As Wizbang’s resident agnostic, I tend to leave the moralizing and preaching and the like to my more spiritually-inclined colleagues. But that doesn’t mean I don’t spend a lot of time thinking about them — especially when it ties in to current events.
I just saw football legend Franco Harris on TV, discussing Joe Paterno. He defended Paterno as a “very moral” man, who had lived up to his legal responsibilities, and his firing was unjust. Yes, he had not done all he could have done, but his lifetime of service and history of good deeds should be taken into balance.
I have no disagreement with Harris’ assessment of Paterno’s character. I have a great deal of apathy towards sports, and a touch of contempt for those who invest so much into it, but from what I’ve heard Paterno was not just a victory-obsessed coach; he was concerned with his players’ futures and character as well. He earned his legendary, iconic status.
But Harris, I think, overreaches when he speaks of forgiving Paterno for his moral failing. Especially when he ties it in to Paterno’s past good deeds.
There is a tendency in such cases as this to immediately bring up such things, to show that the accused here is, at heart, a good person, who has done many good things, and the failing is an aberration. It’s a valid point.
But it goes too far when the good deeds are directly cited in relation to the misdeed, because that leads to a very subtle — and very wrong — idea. And that is that there is some kind of exchange rate between good deeds and evil deeds.
The Catholic Church fell into this in the Middle Ages, with the whole “indulgences” thing. On the surface, it seemed like a good idea. The existing model was you sinned, you confessed, you paid your penance, and all was forgiven. Then some bright soul wondered why it had to be in that order — why not announce your sins, pay the penance, and then go out and commit the sins? Thankfully, it didn’t last.
I’ve exploited that idea myself on a few occasions. In one workplace, profanity was becoming a problem. The boss suggested a “swear box,” where offenders would be fined for foul language. I thought that was a wonderful idea, pulled out a five-dollar bill, and announced “I’ve got a few things I’d like to get off my chest.”
Another danger is that people might start thinking that they are entitled to some indulgences in other areas. For example, the politician who is offered a substantial campaign donation to vote for a bill they were going to vote for anyway — what’s the harm there? Or the frustrated cop who says “I’ve taken a lot of drug dealers off the street; what’s the difference this time if I only turn in four grand of the five thousand I found on this dirtbag? Who’s he going to complain to? Who’s going to believe him?” Or, at the other end, the retail clerk who has been denied a raise they thought they deserved decides to give themselves a raise in merchandise.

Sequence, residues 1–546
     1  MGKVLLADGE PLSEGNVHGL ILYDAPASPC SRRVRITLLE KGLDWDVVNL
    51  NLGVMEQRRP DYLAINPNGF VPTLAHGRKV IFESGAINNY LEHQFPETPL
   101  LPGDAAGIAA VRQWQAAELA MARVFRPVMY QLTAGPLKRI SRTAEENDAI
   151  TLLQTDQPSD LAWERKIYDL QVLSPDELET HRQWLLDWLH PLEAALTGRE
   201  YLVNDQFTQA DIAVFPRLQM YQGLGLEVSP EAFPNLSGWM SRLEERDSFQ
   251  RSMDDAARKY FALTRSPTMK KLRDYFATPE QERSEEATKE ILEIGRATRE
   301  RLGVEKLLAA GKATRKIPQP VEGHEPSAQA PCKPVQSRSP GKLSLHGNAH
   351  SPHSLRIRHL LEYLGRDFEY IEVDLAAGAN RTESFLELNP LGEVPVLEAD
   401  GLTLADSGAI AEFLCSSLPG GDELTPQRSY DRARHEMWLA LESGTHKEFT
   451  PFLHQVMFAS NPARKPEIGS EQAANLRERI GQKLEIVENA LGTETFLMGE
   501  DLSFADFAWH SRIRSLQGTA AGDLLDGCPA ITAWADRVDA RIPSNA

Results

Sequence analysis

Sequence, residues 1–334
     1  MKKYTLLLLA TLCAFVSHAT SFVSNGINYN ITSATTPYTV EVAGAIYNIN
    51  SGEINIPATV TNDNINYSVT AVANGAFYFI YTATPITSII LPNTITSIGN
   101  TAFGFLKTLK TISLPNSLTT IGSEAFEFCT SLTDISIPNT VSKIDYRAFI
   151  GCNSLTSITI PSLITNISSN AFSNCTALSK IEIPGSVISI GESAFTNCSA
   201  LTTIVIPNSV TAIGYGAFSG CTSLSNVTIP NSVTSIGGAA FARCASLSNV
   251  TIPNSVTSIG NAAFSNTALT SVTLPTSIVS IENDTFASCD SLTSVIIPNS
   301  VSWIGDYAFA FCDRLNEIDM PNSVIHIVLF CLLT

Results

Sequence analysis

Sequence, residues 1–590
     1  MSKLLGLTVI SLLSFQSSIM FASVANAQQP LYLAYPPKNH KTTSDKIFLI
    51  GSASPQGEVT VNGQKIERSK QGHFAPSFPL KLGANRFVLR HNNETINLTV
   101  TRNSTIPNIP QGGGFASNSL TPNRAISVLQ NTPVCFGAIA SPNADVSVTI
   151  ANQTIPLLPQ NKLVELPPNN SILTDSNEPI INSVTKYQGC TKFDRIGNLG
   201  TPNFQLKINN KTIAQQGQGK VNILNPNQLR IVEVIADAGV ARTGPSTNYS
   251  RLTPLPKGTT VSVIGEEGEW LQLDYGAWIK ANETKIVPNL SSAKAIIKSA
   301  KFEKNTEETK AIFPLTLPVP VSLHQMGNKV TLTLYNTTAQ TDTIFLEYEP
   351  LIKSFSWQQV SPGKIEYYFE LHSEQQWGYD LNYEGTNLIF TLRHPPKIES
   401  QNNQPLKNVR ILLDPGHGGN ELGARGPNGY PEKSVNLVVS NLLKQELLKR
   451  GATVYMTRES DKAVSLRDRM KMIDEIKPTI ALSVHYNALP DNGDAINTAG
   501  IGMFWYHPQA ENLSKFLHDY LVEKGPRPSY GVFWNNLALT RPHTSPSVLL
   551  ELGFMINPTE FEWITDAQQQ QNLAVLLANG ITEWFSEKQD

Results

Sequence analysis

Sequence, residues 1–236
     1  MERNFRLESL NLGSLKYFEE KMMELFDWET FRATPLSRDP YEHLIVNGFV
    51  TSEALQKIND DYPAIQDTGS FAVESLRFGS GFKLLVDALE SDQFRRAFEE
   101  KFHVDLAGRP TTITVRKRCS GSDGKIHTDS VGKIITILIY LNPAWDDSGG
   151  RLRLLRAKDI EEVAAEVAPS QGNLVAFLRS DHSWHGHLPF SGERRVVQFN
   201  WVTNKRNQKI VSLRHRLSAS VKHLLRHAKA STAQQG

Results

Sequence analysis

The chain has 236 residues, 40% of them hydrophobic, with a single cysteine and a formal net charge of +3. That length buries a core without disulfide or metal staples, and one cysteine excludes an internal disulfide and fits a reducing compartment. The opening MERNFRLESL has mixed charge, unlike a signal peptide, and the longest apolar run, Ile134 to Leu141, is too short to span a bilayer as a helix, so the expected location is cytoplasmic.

And it ends, in this case, with “how many good deeds do I have to do in order to get away with covering up the rape of children?”
Joe Paterno, when informed of the accusations against his protege’, did all he was legally obligated to. He informed his superiors of the charge.
And that’s it.
He didn’t use his influence on campus to press for a thorough investigation. He didn’t follow up on his report. He didn’t contact police. He didn’t (to the best of my knowledge) confront the rapist. Apparently he took steps to make certain the rapist would not succeed him as head coach, but he did nothing to bring him to justice or protect future victims.
None of that was his legal responsibility. But, as a man who had a strict moral code and held those below him to a moral code, he absolutely had a moral obligation to take more action. And he did not.
Therefore, he had to be removed from his position of moral authority. He could not even be allowed to leave on his own terms — his announced retirement at the end of the season. Moral justice, too long delayed, could not be denied. Part of the message in his firing was that plan was too little, too late.
Paterno spent almost 50 years running Penn State’s football program, and is rightfully considered a legend for what he did. It is a tragedy of nigh-Shakespearean scale that it all comes to such an ignominious end, and it is a damned shame that all his great accomplishments are now forever tainted by how it ended.
But that rests entirely on his shoulders. It is a direct and predictable and logical conclusion from the decisions he made, the actions he did and did not take.